## Abstract

Precise static analyses are context-, field- and flow-sensitive. Context- and field-sensitivity are both expressible as context-free language (CFL) reachability problems. Solving both CFL problems along the same data-flow path is undecidable, which is why most flow-sensitive data-flow analyses over-approximate field-sensitivity through k-limited access-path, or through access graphs. Unfortunately, as our experience and this paper show, both representations do not scale very well when used to analyze programs with recursive data structures. Any single CFL-reachability problem is efficiently solvable, by means of a pushdown system. This work thus introduces the concept of synchronized pushdown systems (SPDS). SPDS encode both procedure calls/returns and field stores/loads as separate but “synchronized” CFL reachability problems. An SPDS solves both individual problems precisely, and approximation occurs only in corner cases that are apparently rare in practice: at statements where both problems are satisfied but not along the same data-flow path. SPDS are also efficient: formal complexity analysis shows that SPDS shift the complexity from F^{3k} under k-limiting to SF^{2}, where F is the set of fields and S the set of statements involved in a data-flow. Our evaluation using DaCapo shows this shift to pay off in practice: SPDS are almost as efficient as k-limiting with k 1 although their precision equals k ∞. For a typestate analysis SPDS accelerate the analysis up to 83× for data-flows of objects that involve many field accesses but span rather few methods. We conclude that SPDS can provide high precision and further improve scalability, in particularly when used in analyses that expose rather local data flows.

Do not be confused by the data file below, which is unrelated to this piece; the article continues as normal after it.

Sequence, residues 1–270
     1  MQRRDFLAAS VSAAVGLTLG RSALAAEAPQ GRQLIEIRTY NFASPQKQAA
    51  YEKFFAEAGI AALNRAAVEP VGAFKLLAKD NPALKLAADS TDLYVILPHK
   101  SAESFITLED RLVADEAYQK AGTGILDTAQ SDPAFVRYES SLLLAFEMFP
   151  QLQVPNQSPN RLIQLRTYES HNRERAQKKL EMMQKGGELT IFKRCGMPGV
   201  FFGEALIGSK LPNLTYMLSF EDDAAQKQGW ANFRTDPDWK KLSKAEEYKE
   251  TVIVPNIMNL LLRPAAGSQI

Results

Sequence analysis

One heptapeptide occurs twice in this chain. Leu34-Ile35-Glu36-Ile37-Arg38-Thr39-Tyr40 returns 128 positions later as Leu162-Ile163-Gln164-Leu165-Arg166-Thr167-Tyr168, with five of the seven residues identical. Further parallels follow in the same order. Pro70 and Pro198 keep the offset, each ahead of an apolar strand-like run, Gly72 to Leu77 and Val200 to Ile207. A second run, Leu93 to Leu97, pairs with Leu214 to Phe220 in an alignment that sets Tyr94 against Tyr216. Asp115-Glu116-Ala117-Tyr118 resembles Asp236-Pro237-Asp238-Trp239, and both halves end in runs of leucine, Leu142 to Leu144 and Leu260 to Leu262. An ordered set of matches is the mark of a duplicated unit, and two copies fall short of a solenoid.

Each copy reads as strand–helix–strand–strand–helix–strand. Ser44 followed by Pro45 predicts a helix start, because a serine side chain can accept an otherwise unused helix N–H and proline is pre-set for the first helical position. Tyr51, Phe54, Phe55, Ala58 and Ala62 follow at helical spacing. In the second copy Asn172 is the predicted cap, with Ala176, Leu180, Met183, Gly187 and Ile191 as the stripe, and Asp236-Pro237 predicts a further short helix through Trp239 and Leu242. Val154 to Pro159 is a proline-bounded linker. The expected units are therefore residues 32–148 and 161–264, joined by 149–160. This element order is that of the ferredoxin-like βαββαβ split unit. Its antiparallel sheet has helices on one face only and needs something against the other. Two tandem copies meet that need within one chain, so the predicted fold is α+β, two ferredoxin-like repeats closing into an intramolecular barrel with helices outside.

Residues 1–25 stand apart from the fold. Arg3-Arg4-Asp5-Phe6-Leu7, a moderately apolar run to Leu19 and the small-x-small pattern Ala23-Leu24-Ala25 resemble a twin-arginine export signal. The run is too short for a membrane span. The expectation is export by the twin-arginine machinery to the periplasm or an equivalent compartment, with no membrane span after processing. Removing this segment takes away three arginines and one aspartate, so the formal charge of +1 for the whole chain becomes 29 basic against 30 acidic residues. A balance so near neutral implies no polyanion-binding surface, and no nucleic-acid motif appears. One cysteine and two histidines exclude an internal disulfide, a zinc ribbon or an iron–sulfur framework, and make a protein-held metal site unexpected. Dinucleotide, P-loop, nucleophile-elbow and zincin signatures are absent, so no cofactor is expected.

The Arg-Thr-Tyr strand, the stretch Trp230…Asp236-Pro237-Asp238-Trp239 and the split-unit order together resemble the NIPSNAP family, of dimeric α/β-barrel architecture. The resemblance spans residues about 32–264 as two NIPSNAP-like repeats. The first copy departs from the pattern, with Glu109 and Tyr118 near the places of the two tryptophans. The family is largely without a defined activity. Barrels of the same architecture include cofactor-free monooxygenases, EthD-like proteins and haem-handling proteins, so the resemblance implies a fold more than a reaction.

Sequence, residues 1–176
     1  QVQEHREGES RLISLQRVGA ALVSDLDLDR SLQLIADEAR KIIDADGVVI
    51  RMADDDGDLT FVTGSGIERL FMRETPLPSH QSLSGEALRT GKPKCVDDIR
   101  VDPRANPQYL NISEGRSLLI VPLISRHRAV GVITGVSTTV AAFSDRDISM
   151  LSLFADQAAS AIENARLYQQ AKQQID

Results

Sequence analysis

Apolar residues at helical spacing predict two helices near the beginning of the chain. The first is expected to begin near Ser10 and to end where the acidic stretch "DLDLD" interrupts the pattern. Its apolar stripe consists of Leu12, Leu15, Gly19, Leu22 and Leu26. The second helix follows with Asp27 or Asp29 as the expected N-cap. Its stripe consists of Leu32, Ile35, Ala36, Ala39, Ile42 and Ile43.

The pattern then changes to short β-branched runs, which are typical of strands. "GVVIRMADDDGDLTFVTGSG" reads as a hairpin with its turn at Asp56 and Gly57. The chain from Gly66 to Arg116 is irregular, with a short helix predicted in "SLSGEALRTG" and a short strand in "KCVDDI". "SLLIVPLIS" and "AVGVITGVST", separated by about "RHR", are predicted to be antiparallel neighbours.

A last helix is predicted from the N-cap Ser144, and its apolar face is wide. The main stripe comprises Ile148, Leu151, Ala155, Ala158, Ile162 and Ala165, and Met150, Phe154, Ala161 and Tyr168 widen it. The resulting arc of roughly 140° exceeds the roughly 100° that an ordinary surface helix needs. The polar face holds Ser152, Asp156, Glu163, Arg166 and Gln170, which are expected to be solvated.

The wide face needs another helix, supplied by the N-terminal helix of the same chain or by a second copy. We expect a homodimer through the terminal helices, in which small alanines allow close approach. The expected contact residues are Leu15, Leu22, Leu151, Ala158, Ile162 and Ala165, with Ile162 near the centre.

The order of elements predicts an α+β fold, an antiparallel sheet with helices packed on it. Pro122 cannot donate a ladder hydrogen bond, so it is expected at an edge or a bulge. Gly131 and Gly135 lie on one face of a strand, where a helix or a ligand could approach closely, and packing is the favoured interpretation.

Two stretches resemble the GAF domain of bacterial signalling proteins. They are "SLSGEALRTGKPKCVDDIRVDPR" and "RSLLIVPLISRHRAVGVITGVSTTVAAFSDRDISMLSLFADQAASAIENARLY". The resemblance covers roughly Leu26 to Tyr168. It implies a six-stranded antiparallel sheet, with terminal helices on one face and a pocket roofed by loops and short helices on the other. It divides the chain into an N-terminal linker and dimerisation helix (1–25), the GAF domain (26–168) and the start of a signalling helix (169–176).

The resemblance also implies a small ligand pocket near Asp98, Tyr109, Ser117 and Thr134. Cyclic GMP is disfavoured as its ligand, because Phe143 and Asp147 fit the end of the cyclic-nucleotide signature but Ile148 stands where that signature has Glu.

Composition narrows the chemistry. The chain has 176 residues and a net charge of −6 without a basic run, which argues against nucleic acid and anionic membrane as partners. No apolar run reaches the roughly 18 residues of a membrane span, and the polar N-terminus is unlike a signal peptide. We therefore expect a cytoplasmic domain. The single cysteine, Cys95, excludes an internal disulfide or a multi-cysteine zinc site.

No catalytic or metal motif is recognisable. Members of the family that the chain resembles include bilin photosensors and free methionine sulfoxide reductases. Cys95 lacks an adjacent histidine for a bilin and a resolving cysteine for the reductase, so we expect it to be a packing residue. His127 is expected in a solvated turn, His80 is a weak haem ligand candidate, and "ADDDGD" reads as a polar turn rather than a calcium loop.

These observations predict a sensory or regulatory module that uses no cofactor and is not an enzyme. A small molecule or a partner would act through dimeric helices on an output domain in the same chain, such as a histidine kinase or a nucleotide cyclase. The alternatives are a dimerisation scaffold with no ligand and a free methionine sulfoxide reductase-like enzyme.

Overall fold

Original language | English (US) |
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Article number | 48 |

Journal | Proceedings of the ACM on Programming Languages |

Volume | 3 |

Issue number | POPL |

DOIs | |

State | Published - Jan 2019 |

## Keywords

- Access paths
- Aliasing
- Data-flow
- Pushdown system
- Static analysis

## ASJC Scopus subject areas

- Software
- Safety, Risk, Reliability and Quality